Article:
Hair Loss: Losing It

July 20, 2010

Menopause is at your doorstep. You've stopped having your periods. You were expecting problems with hot flashes and maybe a lack of libido. But instead, your hair seems less full and you've been making up for thinning brows with an eyebrow pencil.

On the other hand, your chin seems to be compensating for the hair loss everywhere else on your body. You must be thinking: "What the heck is going on here?"

Hair Loss: Normal Phenomena

If you'll excuse the pun, the long and short of it is that facial hair and hair loss are normal phenomena of menopause. It may not seem fair, it may not seem right, but the main thing is to figure out what to do about this new and unpleasant symptom.

Hair loss and facial hair growth are real menopausal phenomena. If you're suffering from these complaints you may be wondering why this is happening to you. You may also be wondering if there's anything you can do to rectify this unpleasant situation.

A spokesman for NAMS (North American Menopause Society), Dr. Lovera Wolf Miller, MD, says that 50% of all menopausal women will experience thinning scalp hair (androgenetic alopecia) as well as facial hair growth (hirsutism) by the age of 50. These symptoms can occur at any time after puberty, but are most common during menopause.  Dr. Miller says that while it is less common for women to have these symptoms, it's easier for them to hide them, since it is rare for women to experience total baldness.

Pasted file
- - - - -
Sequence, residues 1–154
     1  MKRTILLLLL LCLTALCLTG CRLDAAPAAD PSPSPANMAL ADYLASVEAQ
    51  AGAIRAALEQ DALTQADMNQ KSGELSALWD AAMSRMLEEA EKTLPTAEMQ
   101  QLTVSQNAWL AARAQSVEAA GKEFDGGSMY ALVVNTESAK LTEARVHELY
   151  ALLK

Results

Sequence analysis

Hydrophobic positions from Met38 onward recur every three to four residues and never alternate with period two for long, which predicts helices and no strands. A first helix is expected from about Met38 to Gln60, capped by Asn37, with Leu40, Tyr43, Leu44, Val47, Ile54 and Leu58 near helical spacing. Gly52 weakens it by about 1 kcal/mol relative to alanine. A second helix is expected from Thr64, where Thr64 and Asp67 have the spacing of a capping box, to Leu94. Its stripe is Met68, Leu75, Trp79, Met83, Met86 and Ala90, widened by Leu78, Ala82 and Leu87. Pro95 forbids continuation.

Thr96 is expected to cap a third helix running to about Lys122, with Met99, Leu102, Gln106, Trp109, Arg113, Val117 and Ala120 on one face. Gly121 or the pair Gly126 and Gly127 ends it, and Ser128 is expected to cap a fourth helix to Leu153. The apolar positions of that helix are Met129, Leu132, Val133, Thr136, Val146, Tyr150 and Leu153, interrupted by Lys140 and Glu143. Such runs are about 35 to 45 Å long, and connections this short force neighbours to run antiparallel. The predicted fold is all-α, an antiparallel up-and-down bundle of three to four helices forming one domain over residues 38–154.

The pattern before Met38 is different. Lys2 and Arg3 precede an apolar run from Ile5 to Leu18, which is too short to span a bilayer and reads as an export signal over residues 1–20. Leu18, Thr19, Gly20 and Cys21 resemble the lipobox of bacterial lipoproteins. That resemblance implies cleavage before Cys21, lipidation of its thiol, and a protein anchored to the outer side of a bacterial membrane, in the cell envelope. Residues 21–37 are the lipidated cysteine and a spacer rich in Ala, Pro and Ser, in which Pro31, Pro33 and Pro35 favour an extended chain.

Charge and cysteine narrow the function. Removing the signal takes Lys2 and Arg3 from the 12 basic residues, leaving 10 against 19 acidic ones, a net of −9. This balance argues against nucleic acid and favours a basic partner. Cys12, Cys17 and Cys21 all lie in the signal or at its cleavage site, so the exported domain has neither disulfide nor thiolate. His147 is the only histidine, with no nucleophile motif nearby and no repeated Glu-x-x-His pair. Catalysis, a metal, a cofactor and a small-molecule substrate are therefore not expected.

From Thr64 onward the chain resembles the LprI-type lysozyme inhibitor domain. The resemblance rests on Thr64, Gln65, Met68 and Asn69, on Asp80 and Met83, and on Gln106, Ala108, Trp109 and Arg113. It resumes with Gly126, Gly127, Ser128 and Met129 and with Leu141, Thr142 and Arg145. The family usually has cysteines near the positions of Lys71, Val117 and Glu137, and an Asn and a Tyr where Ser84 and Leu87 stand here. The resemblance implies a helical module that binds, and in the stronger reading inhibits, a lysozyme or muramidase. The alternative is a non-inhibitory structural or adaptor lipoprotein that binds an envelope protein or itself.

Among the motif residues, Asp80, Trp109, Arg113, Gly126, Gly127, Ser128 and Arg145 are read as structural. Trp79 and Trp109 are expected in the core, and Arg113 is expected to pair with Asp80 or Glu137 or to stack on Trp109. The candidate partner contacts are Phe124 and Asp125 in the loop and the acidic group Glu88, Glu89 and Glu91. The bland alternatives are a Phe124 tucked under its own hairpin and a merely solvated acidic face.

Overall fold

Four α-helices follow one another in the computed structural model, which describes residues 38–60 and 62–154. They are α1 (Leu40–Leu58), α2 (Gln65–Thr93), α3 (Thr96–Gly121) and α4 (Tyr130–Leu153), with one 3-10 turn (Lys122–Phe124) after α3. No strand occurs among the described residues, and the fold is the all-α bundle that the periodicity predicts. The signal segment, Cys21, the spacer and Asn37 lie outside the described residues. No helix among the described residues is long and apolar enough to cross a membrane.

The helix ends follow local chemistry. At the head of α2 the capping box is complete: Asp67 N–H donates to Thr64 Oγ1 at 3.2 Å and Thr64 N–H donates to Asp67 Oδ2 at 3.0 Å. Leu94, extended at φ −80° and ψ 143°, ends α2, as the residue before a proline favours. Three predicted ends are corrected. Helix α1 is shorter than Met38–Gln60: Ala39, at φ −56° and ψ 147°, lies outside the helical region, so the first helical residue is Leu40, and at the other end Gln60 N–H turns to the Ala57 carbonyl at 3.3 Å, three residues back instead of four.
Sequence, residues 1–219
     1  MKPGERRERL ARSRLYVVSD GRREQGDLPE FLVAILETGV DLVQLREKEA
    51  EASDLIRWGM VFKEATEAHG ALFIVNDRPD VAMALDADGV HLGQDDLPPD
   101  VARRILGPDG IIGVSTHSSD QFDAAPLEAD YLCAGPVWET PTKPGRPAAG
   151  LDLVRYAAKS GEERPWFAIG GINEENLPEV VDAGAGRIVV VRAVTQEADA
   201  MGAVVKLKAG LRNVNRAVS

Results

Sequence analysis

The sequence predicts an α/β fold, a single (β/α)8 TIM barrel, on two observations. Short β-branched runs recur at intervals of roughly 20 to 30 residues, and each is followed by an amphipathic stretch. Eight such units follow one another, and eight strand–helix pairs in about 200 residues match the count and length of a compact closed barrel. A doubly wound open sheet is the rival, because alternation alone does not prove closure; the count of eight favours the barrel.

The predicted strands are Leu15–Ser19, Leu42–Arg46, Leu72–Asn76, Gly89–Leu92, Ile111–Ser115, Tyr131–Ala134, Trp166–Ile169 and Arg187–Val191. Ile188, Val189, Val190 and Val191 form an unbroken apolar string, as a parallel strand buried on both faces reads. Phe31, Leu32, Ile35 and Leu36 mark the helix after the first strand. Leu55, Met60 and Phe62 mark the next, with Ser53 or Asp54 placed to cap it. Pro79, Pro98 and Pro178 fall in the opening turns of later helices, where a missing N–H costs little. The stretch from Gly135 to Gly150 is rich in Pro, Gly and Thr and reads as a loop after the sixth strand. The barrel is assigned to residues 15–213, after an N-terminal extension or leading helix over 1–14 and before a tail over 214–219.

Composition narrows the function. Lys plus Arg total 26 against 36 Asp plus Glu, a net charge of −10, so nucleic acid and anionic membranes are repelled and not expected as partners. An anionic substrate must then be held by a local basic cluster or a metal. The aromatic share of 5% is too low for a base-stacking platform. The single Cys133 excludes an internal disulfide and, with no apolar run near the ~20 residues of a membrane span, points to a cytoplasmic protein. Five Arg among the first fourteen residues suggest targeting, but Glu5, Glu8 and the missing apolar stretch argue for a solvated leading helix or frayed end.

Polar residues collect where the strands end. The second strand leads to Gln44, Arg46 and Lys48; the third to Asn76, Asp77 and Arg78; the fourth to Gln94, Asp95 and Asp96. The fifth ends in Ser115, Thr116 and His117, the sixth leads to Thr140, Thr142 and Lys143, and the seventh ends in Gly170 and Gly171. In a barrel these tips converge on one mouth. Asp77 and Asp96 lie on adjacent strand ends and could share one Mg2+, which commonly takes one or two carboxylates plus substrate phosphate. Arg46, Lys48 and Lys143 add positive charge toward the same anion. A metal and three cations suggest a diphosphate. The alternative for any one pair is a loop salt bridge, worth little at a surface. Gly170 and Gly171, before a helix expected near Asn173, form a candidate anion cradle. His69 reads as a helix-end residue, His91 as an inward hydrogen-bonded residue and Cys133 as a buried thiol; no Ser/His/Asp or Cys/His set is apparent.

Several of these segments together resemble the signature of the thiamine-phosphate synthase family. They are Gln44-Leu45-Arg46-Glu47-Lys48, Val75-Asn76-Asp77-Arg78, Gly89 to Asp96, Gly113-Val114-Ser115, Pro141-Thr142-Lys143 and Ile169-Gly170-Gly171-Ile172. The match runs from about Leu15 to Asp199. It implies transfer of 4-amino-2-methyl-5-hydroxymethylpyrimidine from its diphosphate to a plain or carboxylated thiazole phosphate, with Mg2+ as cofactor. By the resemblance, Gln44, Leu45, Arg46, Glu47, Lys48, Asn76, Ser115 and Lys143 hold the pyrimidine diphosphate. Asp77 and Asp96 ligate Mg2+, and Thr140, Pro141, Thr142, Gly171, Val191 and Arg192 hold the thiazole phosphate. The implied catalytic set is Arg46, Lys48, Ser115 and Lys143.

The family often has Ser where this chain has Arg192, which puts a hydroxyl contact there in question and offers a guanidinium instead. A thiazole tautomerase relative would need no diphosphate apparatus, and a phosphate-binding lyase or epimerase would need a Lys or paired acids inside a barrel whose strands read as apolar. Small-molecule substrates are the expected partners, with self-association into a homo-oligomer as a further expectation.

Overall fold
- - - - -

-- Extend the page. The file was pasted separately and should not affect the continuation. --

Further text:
Even so, the one in every two women experiencing these symptoms is not going to find it easy to cope. So says a report published back in 2007 in Clinical Interventions in Aging. A woman's self-image is predicated in large measure upon her complexion and hair. Any damage to these physical attributes can cause great psychological distress as well as what the report calls, "impaired social functioning."

Hair Loss: New Patterns

There is so much talk about the depletion of estrogen stores during menopause that you might have thought this female sex hormone was the culprit behind hair loss and facial hair growth. However, research points to the combined loss of progesterone and estrogen as the cause of menopause hair growth and loss patterns. An article on this topic which appeared in an internationally renowned scientific journal called Annales d'Endocrinologie says that the loss of hair due to menopause at the same time that facial hair begins to sprout is because a new hormonal pattern is established at this time.

Of course, there may be other factors besides menopause at play. Experts site many other causal factors for hair loss and facial hair growth including illness, stress, and genes. Sudden hair loss necessitates blood tests to see if high levels of the male hormone androgen might be present in a woman's system. Androgen can trigger male characteristics in women. It is also a good idea to have diagnostic tests for diabetes, rheumatoid arthritis, and thyroid problems.  

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